People With MS May Also Suffer From Early Onset Osteoporosis

Researchers have found out that osteoporosis and low bone density are more common among those who suffer from multiple sclerosis than those who don’t. MS sufferers also seem to get osteoporosis earlier than people who do not have the said disease. The findings of the said study was published in the July print issue of Neurology, the medial journal of the American Academy of Neurology.

Scientists have long known that people with MS also may have to deal with a higher risk of having low bone density and becoming more prone to broken bones. But scientists have no conclusive idea whether this happens as a result of MS or as a secondary consequence due to a number of factors such as lack of exercise or mobility, medication or lack of vitamin D.

An increase in MS risk is associated with low vitamin D levels. In the same way, low levels if vitamin lead can lead to low calcium absorption as well as reduced bone mineralization. According to study author Stine Marit Moen, MD of the Oslo University Hospital Ulleval in Norway, “Our hypothesis was that if vitamin D exerts a major effect on the risk of MS, then the effects of low vitamin D levels on bone density would be apparent soon after the onset of MS.”

The study involved 99 subjects with an average age of 37 years old who were recently diagnosed with MS or with a clinically isolated syndrome, which means a participant experiencing a first episode of MS-like symptoms but have not yet been diagnosed with the said disease. All of the participants in the study did not have any physical disability, or just minor ones as a result of the disease. During the study, the participants underwent through bone density tests at an average of 1.6 years after the first episode of experiencing MS-like symptoms. The test results were then compared to the bone tests of 159 other people who are of similar age, gender and ethnicity but did not have MS.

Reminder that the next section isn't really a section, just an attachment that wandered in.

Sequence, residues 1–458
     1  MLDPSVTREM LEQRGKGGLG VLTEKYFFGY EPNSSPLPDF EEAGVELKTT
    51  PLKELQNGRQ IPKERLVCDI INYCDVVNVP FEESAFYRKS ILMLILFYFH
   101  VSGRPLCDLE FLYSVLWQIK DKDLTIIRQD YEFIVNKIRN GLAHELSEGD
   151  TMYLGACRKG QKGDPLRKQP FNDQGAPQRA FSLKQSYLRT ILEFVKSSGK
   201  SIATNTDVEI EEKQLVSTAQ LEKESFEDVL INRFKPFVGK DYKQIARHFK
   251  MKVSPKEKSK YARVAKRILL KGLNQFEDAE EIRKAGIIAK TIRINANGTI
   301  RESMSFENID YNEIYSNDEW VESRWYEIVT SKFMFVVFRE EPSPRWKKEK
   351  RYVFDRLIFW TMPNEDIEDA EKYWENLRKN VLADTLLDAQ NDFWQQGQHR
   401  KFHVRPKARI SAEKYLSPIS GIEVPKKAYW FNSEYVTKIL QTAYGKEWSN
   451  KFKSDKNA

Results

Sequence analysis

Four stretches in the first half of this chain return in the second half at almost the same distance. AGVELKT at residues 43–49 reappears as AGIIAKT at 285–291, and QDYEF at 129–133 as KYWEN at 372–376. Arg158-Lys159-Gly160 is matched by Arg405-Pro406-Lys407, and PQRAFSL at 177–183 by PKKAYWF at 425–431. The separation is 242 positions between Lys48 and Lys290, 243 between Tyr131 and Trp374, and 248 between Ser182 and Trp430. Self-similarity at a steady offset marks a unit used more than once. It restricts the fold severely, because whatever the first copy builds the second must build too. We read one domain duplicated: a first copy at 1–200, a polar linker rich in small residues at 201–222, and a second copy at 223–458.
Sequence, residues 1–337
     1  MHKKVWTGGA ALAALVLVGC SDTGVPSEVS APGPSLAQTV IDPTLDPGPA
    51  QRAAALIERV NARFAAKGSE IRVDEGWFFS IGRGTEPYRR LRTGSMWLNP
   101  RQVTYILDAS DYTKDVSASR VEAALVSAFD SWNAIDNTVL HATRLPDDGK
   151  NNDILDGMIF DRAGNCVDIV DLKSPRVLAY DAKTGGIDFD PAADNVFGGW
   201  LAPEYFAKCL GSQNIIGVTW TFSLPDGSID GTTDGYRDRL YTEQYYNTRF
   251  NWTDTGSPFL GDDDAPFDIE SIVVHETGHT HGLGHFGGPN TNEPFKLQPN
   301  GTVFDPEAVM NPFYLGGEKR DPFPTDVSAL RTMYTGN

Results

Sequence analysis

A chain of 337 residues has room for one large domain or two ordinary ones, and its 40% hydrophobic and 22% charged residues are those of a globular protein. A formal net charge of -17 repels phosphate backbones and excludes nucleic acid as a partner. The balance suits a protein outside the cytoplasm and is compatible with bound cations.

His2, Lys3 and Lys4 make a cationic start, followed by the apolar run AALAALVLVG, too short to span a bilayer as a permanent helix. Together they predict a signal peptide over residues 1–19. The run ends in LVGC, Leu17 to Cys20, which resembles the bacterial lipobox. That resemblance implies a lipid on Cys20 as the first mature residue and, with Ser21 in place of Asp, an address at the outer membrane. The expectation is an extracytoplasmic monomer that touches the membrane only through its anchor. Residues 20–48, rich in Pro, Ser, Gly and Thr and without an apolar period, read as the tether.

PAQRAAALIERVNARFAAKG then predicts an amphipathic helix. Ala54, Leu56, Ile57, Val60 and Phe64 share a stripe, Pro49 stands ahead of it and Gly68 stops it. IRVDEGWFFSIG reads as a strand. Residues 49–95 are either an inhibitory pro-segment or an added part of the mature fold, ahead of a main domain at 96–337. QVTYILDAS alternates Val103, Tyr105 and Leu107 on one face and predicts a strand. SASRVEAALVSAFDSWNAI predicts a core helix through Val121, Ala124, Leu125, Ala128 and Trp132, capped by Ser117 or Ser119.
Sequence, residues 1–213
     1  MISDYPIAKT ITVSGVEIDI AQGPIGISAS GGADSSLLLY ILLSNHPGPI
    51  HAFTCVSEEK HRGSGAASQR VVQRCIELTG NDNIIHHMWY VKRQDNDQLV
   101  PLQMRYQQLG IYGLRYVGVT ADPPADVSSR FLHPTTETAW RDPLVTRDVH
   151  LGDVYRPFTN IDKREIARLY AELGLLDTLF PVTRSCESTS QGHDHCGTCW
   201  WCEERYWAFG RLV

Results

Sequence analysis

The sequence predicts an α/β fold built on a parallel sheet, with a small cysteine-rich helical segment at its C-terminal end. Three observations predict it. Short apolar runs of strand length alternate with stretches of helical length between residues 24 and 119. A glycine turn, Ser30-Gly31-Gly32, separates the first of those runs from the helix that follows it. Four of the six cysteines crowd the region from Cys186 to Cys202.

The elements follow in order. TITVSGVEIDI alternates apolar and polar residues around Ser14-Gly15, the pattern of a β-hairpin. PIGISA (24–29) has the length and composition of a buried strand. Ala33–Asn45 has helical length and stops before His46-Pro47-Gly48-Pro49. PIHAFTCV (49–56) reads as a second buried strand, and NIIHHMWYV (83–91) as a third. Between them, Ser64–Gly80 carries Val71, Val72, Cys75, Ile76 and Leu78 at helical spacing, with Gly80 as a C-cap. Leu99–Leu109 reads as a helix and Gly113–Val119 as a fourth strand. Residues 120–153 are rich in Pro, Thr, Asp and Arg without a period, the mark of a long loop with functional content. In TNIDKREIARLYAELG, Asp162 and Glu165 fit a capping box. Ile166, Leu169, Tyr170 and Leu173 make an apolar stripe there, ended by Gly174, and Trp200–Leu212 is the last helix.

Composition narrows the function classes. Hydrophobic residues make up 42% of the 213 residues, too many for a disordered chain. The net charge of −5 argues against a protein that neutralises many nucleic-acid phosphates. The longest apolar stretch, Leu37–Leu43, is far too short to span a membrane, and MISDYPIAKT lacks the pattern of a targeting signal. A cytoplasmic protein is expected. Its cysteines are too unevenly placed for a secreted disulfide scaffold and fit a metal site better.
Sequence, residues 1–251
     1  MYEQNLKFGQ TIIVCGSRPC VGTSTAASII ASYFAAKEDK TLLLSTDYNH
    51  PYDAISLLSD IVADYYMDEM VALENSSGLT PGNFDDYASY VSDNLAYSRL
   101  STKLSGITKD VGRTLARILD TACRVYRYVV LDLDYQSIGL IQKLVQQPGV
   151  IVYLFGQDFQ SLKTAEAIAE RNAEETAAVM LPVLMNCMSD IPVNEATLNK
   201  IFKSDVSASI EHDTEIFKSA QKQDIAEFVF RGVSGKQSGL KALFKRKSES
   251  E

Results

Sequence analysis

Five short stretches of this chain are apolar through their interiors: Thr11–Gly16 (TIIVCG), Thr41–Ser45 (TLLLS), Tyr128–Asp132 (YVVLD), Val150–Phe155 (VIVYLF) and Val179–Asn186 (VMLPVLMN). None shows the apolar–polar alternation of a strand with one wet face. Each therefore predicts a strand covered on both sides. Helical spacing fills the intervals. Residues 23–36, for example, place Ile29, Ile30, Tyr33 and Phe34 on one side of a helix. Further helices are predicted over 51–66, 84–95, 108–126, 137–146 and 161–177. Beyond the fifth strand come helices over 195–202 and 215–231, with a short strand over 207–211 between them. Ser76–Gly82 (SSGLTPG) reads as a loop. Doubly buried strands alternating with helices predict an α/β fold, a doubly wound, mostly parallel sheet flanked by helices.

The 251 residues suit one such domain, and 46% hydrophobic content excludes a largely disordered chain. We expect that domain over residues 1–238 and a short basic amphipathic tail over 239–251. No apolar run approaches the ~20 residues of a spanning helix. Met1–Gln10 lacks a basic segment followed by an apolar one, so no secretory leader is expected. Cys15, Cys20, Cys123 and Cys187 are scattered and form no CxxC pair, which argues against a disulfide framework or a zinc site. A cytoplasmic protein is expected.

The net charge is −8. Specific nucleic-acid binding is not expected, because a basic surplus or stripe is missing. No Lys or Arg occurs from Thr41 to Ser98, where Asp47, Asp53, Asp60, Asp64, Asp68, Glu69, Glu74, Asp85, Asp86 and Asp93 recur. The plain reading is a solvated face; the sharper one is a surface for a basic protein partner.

The results showed that 51 percent of those who had MS also had either osteoporosis or osteopenia (low bone density) as compared to only 37 percent of those who did not have MS. The results remained the same even after the researchers adjusted for other contributing factors such as smoking, alcohol and hormone treatments.

“These results suggest that people in the early stages of MS and their doctors need to consider steps to prevent osteoporosis and maintain good bone health,” Moen added. “This could include changing their diet to ensure adequate vitamin D and calcium levels, starting or increasing weight-bearing activities and taking medications.”

Source: American Academy of Neurology (2011, July 15). Poor bone health may start early in people with multiple sclerosis. ScienceDaily. Retrieved July 19, 2011, from

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